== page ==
Youku is a video hosting service based in People's Republic of China.

Monitoring Economic Performance, Quality of Life and Sustainability
December 2010 Joint Report as Requested by the Franco-German Ministerial Council

Bribes Cost Ivory Coast '$300m'
At least $300m (£200m) is paid in bribes at checkpoints in Ivory Coast each year, a business leader says. "Every Ivorian today... has been asked to pay at a road-block," Chamber of Commerce President Jean-Louis Billon told the BBC. He blamed "mafias" operating within both the army and the former rebel New Forces, who still control northern Ivory Coast, for the extortion racket.

World Trade Talks End in Collapse
Marathon talks in Geneva aimed at liberalising global trade have collapsed, the head of the World Trade Organisation has said. Pascal Lamy confirmed the failure, which officials have blamed on China, India and the US failing to agree on import rules. EU Trade Commissioner Peter Mandelson said the result was "heartbreaking". The talks were launched in 2001 in Doha and were seen as providing a cornerstone for future global trade. The main stumbling block was farm import rules, which allow countries to protect poor farmers by imposing a tariff on certain goods in the event of a drop in prices or a surge in imports. India, China and the US could not agree on the tariff threshold for such an event...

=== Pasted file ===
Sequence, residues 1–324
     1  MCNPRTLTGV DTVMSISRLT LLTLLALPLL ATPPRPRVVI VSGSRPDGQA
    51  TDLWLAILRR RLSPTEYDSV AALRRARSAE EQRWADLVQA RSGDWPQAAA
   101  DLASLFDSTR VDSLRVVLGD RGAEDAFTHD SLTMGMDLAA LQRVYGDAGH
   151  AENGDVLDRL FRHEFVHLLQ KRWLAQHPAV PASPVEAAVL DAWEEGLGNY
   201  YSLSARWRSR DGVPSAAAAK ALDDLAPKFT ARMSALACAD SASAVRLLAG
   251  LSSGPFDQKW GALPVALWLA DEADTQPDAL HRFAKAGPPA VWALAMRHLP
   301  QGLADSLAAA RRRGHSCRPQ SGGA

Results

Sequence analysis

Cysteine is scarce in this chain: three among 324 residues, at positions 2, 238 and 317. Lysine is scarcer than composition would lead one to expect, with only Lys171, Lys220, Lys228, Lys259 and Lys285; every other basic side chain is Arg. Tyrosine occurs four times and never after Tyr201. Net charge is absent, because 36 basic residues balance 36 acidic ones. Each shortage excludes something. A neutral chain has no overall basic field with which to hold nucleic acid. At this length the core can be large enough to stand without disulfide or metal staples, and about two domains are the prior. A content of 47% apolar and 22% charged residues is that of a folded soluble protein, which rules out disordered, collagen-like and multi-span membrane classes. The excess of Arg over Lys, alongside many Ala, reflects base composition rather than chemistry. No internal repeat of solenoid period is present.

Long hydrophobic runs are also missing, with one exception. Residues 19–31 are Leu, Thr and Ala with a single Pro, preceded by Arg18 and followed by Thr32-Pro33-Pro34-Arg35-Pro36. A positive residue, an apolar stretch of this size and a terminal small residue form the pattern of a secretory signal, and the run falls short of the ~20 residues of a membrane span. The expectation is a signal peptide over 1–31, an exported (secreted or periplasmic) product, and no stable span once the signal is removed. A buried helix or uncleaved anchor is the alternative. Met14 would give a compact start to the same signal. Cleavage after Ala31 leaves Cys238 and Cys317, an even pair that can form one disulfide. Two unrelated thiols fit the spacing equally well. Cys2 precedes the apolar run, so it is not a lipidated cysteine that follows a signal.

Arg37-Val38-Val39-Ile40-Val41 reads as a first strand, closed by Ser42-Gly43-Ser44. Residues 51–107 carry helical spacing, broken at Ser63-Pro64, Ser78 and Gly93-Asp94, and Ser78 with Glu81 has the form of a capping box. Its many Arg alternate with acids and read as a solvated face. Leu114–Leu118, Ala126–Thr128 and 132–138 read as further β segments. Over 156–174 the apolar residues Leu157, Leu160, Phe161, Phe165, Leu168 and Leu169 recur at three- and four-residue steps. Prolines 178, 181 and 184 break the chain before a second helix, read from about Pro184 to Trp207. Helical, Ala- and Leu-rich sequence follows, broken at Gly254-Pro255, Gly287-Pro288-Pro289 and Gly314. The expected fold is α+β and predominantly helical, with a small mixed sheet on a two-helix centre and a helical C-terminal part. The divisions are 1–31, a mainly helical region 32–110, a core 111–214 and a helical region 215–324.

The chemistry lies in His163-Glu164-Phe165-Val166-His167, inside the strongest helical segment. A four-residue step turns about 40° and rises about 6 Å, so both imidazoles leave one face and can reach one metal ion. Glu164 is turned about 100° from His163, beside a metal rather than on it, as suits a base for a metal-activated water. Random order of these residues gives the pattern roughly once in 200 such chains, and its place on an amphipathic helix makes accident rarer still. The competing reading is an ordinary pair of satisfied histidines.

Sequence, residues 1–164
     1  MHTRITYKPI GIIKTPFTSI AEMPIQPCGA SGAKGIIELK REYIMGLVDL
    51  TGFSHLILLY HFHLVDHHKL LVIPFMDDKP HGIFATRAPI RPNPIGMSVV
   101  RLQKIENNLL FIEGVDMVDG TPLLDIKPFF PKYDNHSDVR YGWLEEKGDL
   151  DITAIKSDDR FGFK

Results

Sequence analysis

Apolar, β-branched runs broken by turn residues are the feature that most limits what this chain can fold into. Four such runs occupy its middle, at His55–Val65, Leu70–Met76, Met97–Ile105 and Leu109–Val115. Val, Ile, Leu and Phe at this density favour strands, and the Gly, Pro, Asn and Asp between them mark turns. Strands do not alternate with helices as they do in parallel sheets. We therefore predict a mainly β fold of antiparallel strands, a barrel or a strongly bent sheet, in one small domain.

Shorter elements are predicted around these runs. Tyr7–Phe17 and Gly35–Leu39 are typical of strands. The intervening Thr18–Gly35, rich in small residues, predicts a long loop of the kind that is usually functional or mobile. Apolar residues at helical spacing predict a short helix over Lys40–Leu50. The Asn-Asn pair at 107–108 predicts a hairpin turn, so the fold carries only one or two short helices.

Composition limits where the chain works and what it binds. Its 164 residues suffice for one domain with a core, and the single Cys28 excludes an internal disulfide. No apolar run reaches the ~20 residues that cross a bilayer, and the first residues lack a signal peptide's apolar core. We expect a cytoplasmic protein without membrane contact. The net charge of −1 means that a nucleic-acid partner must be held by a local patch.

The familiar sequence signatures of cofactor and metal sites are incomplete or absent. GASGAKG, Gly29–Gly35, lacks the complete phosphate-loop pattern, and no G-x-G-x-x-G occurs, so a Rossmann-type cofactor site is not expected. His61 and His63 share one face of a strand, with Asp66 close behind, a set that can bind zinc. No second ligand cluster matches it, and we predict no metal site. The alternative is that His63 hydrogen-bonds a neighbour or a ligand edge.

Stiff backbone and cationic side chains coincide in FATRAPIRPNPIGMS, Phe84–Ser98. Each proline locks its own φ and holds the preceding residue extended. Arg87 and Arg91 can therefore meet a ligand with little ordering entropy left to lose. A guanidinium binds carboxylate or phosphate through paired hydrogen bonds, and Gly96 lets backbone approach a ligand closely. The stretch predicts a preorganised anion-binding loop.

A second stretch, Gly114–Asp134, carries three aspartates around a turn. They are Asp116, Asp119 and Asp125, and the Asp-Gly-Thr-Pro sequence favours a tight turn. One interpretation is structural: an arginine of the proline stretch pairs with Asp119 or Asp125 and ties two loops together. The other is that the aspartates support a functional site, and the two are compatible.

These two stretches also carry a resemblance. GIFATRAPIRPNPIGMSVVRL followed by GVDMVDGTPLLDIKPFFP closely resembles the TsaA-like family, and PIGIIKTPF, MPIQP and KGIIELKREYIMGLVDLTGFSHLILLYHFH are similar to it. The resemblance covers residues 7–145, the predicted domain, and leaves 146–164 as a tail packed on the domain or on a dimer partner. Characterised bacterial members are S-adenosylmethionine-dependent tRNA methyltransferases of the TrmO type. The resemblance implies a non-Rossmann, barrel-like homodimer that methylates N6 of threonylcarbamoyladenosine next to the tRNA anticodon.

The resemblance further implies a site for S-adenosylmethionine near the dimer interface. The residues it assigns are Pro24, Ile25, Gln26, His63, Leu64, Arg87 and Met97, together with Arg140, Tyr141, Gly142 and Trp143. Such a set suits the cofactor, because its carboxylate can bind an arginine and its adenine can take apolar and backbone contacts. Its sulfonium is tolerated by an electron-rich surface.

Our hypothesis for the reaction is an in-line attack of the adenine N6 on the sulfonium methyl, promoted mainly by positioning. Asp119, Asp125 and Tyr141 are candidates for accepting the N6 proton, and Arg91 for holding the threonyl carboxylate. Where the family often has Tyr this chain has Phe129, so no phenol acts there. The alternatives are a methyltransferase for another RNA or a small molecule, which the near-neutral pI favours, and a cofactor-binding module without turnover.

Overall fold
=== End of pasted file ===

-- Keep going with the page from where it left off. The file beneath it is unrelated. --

Please

Rosika Schwimmer and World Government
Rosika Schwimmer or Bédy-Schwimmer "Rózsa" Rózsika (1877-1948) tried to create a world government. In 1935 she formed the World Centre for Women's Archives with Mary Ritter Beard. She received a World Peace Prize in 1937 and formed the Campaign for World Government with Lola Maverick Lloyd. In 1947 she was nominated for Nobel Peace Prize but no one received it the next year...
Please read more on, or, please read also Remarks on the History of Hungarian Feminism by Judit Acsády.